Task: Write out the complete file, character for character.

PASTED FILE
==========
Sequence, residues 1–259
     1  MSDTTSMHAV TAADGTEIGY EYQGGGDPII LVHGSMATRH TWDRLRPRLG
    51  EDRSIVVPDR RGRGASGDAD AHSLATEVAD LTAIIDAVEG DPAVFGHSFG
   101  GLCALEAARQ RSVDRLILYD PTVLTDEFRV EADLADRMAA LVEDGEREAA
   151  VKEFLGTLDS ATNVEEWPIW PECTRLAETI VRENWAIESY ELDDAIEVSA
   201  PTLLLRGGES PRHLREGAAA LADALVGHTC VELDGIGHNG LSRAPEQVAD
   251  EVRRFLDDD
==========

Sequence, residues 1–259
     1  MSDTTSMHAV TAADGTEIGY EYQGGGDPII LVHGSMATRH TWDRLRPRLG
    51  EDRSIVVPDR RGRGASGDAD AHSLATEVAD LTAIIDAVEG DPAVFGHSFG
   101  GLCALEAARQ RSVDRLILYD PTVLTDEFRV EADLADRMAA LVEDGEREAA
   151  VKEFLGTLDS ATNVEEWPIW PECTRLAETI VRENWAIESY ELDDAIEVSA
   201  PTLLLRGGES PRHLREGAAA LADALVGHTC VELDGIGHNG LSRAPEQVAD
   251  EVRRFLDDD